A team of researchers present multiwavelength observations of a rare merger between two massive, gas-rich starburst galaxies at a redshift of 2.3. This kind of merger could help explain the presence of the most massive elliptical galaxies at high redshift.
Huang et al. dig up evidence that distant “red nugget” galaxies grew into the massive ellipticals we see today by consuming smaller, gas-poor galaxies.
Moving mesh code AREPO looks like it will help astronomers understand the physics of galaxy formation and evolution better than its predecessors, due to an innovative new method of solving the fluid dynamics equations in astrophysical settings. This paper discusses the differences between AREPO and another code called GADGET in the case of gas accretion onto galaxies.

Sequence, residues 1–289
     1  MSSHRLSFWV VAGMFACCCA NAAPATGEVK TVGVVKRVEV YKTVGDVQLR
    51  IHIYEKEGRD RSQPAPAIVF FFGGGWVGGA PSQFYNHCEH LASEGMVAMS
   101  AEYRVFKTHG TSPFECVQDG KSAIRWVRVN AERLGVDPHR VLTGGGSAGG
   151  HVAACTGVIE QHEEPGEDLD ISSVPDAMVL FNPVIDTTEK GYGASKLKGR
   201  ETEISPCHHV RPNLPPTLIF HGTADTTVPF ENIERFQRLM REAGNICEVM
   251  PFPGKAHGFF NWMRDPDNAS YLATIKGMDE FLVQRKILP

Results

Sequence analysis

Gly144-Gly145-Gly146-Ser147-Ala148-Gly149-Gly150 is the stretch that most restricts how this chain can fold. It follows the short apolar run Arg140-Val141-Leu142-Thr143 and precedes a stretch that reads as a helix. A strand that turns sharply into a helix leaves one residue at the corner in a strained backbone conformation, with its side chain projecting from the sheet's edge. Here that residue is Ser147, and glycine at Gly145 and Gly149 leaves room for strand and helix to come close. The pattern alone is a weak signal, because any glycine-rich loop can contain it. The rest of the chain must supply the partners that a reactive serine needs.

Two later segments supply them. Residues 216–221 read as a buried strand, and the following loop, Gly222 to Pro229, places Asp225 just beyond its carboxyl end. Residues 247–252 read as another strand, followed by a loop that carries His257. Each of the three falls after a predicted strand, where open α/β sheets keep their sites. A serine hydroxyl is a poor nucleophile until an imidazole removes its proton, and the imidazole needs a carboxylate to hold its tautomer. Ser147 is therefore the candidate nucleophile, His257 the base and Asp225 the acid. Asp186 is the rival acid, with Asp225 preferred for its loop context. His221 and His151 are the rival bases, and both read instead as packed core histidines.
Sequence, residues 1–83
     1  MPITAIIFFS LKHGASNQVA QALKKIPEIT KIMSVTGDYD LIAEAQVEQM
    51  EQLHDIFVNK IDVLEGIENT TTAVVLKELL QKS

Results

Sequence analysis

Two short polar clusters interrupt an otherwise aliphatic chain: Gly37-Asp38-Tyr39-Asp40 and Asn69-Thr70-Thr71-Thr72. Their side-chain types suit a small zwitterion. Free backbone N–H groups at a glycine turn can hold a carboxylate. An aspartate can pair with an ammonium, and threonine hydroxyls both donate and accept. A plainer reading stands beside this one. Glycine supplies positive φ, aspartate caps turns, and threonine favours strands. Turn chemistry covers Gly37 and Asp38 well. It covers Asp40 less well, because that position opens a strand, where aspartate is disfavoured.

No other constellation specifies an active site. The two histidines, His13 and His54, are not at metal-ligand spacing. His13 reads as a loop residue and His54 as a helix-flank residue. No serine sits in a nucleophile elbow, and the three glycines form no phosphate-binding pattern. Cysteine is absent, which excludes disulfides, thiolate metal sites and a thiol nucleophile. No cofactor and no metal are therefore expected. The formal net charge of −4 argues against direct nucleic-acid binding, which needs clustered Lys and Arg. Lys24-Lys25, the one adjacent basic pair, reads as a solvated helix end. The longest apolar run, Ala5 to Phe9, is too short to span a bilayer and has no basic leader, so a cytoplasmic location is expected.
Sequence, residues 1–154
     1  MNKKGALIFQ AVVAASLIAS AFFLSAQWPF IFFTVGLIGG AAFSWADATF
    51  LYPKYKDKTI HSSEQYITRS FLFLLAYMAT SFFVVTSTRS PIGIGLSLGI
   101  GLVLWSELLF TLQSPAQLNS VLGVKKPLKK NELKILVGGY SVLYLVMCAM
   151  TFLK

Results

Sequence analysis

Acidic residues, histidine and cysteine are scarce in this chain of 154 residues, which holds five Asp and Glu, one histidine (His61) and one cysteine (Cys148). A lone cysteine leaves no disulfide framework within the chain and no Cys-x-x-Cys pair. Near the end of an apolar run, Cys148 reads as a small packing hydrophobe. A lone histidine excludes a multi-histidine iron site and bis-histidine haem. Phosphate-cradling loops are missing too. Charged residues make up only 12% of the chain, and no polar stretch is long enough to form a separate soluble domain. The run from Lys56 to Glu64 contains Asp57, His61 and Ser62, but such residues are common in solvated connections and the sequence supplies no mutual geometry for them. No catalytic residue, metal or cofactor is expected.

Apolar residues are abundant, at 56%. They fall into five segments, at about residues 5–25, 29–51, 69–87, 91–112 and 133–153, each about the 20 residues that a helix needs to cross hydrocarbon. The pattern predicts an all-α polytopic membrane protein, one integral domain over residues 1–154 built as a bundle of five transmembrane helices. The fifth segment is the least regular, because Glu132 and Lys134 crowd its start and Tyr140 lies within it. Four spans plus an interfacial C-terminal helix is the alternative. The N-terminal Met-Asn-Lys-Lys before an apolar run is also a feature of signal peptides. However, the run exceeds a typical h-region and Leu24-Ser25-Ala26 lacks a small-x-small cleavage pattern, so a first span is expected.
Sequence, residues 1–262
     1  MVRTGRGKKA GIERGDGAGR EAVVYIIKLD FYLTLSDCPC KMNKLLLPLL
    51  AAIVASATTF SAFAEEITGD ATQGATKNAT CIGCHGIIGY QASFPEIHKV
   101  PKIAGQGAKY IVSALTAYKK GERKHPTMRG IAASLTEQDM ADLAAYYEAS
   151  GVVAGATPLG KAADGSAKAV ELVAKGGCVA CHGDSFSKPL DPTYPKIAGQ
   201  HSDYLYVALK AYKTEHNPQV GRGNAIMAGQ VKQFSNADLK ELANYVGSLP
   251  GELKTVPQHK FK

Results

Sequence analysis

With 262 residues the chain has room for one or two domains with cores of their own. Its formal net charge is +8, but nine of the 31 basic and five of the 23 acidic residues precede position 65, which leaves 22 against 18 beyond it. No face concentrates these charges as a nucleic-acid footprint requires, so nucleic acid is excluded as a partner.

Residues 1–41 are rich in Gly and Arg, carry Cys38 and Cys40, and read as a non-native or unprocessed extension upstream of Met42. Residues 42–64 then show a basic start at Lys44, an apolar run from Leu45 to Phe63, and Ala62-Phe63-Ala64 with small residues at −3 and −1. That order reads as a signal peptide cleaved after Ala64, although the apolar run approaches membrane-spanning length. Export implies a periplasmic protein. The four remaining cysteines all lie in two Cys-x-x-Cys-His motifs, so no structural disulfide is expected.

The central question of this Letter is how and when the Milky Way assembled its stellar mass. This issue is addressed by tracing the formation history of spiral galaxies which closely resemble the Milky Way.
What were astronomers reading and talking about in their research last year? Check out figures from the top 12 most-cited astronomy papers from 2012 (so far) and find out what researchers were up to and why!
A team of astronomers working on the 3D-HST survey make use of the Hubble Space Telescope’s grism to observe star formation as a function of radius in a large sample of galaxies at intermediate redshift.
The authors investigate the fraction of massive galaxies at z ~ 2 that contains an Active Galactic Nucleus (AGN), in hopes of understanding the importance of AGN in quenching star formation.
Using new data from the MOSFIRE spectrograph, the authors of this paper test the ability of classic emission line diagnostics to separate star formation activity from supermassive black hole accretion at high redshift. What they find may be important for understanding how the growth galaxies and black holes affect one another over cosmic time.